Artist's rendition of the European Space Agency's Aeolus spacecraft, which moved in September to avoid a potential collision with a SpaceX Starlink communications satellite. Credit: European Space Research and Technology Centre

WASHINGTON – Since the beginning of the year, space insurance underwriter Assure Space is no longer offering policies covering collision risk for satellites operating in low Earth orbit, Richard Parker, Assure Space managing director, said at the Satellite 2020 conference.

Assure Space continues to insure launches, satellites operating in geostationary orbit, satellites raising their orbit through low Earth orbit and missions to the international space station.

“But if someone comes to me and says, ‘I want one year on-orbit coverage for a small satellite in low Earth orbit,’ the answer is no,” Richard Parker said. “I can’t charge them today what I perceive the real risk to be.”

If a client still wants to buy a policy, Assure Space will write a policy that excludes collision coverage.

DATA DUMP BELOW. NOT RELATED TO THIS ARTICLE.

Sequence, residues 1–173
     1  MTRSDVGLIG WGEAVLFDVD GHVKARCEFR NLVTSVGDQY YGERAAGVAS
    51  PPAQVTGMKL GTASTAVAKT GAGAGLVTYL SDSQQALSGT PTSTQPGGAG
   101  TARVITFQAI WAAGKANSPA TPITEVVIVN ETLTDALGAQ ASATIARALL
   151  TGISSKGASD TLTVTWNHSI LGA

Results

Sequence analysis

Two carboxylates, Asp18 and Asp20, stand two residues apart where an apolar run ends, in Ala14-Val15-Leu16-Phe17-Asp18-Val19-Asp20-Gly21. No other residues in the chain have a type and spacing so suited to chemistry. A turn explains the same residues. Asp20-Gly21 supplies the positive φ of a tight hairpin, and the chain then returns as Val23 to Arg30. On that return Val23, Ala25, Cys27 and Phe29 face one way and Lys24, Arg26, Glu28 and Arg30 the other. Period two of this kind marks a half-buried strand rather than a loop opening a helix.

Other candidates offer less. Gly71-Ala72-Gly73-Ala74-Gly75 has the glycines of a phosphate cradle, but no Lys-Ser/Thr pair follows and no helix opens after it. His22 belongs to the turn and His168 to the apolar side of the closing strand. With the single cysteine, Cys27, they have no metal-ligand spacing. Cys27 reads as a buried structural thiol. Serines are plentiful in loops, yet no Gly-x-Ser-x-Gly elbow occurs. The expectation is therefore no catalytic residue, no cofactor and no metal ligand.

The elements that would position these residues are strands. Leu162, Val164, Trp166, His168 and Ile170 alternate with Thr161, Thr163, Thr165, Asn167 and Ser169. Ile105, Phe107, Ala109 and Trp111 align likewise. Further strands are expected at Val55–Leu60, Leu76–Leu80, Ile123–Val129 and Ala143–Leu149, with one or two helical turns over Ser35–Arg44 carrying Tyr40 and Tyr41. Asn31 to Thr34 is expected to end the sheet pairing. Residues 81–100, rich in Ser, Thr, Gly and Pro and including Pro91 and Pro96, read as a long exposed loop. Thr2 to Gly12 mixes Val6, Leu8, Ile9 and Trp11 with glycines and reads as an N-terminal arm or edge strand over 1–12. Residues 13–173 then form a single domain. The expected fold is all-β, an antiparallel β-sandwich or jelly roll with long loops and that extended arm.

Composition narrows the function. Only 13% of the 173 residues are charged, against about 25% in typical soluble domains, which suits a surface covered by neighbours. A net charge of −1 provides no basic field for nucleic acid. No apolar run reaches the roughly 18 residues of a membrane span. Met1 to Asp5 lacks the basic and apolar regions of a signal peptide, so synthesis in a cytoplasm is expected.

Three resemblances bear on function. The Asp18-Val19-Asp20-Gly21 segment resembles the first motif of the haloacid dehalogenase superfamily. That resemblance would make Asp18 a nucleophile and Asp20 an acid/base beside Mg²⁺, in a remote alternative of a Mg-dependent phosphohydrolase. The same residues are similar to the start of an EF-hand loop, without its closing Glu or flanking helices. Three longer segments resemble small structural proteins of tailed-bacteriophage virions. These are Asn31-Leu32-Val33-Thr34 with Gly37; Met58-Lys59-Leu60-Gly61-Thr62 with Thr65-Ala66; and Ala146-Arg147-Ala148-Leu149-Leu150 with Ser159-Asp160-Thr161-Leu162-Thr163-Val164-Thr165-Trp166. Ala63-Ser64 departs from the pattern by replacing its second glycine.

“I won’t pay in the event you have a collision in any circumstance,” Parker said. It would not matter whether the client’s satellite was involved in a collision or was hit by debris from a collision that occurred months ago.

“It’s not the best insurance policy to buy, I don’t expect to be selling many,” Parker said.

Insurers, satellite operators and debris experts warn that low Earth orbit is becoming more crowded, increasing the odds of objects colliding.

In January, NASA’s Infrared Astronomical Satellite launched in 1983 came within meters of crashing into Gravity Gradient Stabilization Experiment-4, a U.S. Air Force satellite launched in 1967.

“One had an 18 meter boom,” Parker said. “The other one weighed a ton. If those two satellites had hit each other, it would have been front-page news.”

In September, the European Space Agency moved its Aeolus wind observation satellite to avoid a potential collision with a SpaceX Starlink communications satellite.

People talk about collision avoidance and debris mitigation, but “I don’t see any action happening,” Parker said. Eventually, collisions and the resulting debris fields will make “the entire insurance market pull out of low Earth orbit. I’ve just done it a year or two early,” he added.

Debra Werner is a correspondent for SpaceNews based in San Francisco. Debra earned a bachelor’s degree in communications from the University of California, Berkeley, and a master’s degree in Journalism from Northwestern University. She...